Every Great Outfit Needs Gloves and Shoes to Match!

10-riggsshoes - CopyBy David G. Firestone

Since the fire risk in racing is as high as it is, it makes sense that driver uniform includes fire retardant shoes and gloves to go along with it. Although they are frequently overlooked by many fans, they are just as critical to driver safety and comfort as the suit and helmet. Gloves and shoes have, like the suit and helmet, become fashion forward in recent years.

Let’s look at the gloves first. Gloves in racing are typically made of multiple layers of Nomex, and feature a textured layer on the palm, which is designed to help the driver grip the steering wheel. Gloves may be waterproofed for open cockpit racing, where rain and other inclement weather may not impede the race. The gloves give the same amount of protection that the suit does, roughly 30 seconds, and are certified by FIA and SFI. This example, worn by Hut Stricklin in 2000 shows the basics..90-stricklingloves

 

The textured palm…90-stricklingloves-rglovb 90-stricklingloves-gloveb

 

The thickness…90-stricklingloves-rsize 90-stricklingloves-lsize

 

as well as the liability tag and the safety certification…90-stricklingloves-ltag 90-stricklingloves-rtag

As I mentioned above, gloves have evolved to be more visible on in-car cameras. These examples, worn by Dale Earnhardt Jr. and Jimmie Johnson show how these new customizations can take a simple safety equipment item, and add some visual appeal to it. A search on eBay reveals that these items do wind up for sale after they are used.

Next, let’s discuss the shoes.

Shoes are as important as gloves in terms of fire protection. Those 30 seconds of fire protection are critical for the driver to get out of a burning car. The basic design of the shoes are meant to help the driver, well, drive. Some drivers in years past have opted for nontraditional racing shoes, such as Dave Marcus who was well-known for wearing wingtips while racing.

Typical racing shoes consist of a rubber, fire retardant sole, with triple-layer Nomex material covering the foot. The tongue, and shoe laces are fire retardant as well. Velcro straps are frequently employed to secure the shoe as extra protection. Let’s look at a race-worn pair, this pair worn by Scott Riggs in the early 2000’s.10-riggsshoes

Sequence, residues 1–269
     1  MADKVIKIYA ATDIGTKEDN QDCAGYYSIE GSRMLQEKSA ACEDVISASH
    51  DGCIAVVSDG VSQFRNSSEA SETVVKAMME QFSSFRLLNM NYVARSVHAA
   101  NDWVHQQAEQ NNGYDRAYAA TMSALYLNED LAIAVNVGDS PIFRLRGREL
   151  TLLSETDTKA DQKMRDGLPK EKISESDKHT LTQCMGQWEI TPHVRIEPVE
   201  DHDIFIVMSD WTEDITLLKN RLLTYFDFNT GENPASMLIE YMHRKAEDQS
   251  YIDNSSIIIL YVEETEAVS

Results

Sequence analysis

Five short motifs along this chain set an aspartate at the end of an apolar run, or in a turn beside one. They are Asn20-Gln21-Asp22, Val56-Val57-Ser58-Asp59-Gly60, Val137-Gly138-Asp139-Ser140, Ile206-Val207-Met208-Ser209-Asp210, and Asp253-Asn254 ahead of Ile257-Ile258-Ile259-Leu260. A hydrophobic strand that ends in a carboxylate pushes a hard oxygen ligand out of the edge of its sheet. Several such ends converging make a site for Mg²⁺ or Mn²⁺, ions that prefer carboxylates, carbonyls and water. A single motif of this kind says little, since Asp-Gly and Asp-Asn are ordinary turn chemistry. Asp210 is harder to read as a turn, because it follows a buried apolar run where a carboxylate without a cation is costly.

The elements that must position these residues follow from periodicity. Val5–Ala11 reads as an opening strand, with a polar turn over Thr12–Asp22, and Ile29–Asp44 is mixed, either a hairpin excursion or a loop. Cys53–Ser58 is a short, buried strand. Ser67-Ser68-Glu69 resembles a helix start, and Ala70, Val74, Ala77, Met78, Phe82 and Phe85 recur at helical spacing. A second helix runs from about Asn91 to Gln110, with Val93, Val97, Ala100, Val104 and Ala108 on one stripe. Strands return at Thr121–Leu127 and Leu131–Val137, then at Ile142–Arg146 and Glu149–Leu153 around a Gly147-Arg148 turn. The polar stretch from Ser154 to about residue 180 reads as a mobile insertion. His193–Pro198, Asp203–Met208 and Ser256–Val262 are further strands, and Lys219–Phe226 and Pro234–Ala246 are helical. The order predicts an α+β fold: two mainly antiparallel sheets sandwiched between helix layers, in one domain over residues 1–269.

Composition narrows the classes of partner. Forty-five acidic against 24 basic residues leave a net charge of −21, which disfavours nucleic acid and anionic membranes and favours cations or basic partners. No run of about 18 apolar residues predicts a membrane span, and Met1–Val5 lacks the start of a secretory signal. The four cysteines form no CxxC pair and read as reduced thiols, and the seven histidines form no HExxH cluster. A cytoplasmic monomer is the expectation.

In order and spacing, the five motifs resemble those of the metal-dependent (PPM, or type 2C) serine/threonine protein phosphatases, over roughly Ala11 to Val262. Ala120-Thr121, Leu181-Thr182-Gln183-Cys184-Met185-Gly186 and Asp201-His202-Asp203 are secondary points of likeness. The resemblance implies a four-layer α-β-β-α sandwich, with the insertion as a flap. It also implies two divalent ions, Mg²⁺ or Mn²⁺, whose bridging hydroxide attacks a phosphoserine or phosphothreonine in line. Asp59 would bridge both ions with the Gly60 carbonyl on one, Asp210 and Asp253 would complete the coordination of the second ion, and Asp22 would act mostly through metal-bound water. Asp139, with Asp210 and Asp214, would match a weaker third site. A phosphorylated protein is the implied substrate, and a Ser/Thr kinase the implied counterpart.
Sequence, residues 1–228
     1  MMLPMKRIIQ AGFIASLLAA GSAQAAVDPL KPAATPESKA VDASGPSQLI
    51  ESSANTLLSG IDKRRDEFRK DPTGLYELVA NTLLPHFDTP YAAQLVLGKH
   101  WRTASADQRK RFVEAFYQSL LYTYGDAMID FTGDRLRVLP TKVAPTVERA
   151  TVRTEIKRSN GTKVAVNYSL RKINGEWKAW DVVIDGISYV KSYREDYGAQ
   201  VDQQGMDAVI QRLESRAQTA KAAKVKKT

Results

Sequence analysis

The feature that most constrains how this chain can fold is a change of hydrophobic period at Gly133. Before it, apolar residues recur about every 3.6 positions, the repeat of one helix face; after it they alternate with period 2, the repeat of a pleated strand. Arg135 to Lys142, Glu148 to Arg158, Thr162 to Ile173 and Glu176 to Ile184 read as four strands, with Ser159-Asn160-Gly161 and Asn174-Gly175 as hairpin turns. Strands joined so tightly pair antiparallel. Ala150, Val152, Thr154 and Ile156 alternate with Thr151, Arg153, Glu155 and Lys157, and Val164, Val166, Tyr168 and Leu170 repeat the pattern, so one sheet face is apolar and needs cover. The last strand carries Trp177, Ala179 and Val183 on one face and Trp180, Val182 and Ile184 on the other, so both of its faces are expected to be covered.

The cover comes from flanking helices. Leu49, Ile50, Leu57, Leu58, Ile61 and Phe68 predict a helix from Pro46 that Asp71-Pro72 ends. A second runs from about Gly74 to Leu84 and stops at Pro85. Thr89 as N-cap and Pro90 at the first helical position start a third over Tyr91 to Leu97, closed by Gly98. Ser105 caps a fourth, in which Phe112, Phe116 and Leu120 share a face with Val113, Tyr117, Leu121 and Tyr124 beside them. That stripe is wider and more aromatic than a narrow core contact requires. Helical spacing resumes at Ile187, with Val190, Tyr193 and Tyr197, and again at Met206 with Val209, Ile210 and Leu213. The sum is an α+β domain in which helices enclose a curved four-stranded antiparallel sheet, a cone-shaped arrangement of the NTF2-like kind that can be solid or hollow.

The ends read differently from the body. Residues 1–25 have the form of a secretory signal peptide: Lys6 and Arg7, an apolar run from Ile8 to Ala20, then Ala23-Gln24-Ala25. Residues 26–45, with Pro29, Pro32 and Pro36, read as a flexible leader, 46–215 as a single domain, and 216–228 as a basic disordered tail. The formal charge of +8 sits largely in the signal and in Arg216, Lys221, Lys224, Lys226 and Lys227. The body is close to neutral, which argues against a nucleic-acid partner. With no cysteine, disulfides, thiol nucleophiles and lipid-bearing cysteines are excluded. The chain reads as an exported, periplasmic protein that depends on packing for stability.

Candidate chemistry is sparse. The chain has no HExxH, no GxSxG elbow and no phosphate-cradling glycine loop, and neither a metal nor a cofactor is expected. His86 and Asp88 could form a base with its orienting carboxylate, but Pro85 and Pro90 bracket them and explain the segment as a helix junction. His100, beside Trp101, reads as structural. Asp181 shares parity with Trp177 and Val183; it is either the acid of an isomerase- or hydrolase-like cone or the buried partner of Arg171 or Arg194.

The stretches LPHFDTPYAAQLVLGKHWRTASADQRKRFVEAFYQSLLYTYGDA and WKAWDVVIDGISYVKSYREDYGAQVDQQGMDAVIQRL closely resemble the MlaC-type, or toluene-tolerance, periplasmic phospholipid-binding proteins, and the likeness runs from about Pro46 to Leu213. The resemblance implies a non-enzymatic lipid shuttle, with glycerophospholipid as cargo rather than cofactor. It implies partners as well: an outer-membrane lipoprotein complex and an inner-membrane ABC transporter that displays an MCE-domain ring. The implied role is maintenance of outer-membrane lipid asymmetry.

These shoes show the sole design,10-riggsshoes-bottom

Main design, with the reflective layer adding some extra protection…10-riggsshoes-rshoe2 10-riggsshoes-rshoe1 10-riggsshoes-lshoe2 10-riggsshoes-lsig

and thickness…10-riggsshoes-ltop

 

While the design of the gloves are fashion forward, the shoes are more utilitarian than anything else. But they do wind up on eBay sometimes…

Jamie McMurray #1 Bell Helicopters Chevy SS Love the simplicity in the design and color scheme, as well as Bell’s great logo! It is simple, yet elegant, and earns an A grade

Kasey Kahne #5 Farmer’s Insurance 85th Anniversary Chevy SS It’s amazing how a color change can affect a scheme. I graded the standard scheme at a D+ earlier this year, and with the black red and tan color change it takes it from a D+ to an A-. Notice that there is no real difference between the two schemes except the colors and the new one is so much better!

Kevin Harvick #29 Bad Boy Buggies Chevy SS I like this scheme for the same reasons as the Jamie McMurray Bell scheme, and it gets the same A grade!

David Stremme #30 Window Wax Toyota Camry  The best way I can describe this scheme is that there is nothing good about it.  Anything they could have messed up with this scheme, they did.  It gets an F-

David Stremme #30 Lean 1 Toyota Camry See Above

Landon Cassill #33 Justin Workboots Chevy SS I like the design scheme except for the primary sponsor logo is a completly different color than the rest of the car.  The thing is that the two color schemes work very well by themselves, but the combo of the two just makes no sense.  It takes an A scheme and brings it down to a C…PICK A COLOR SCHEME!

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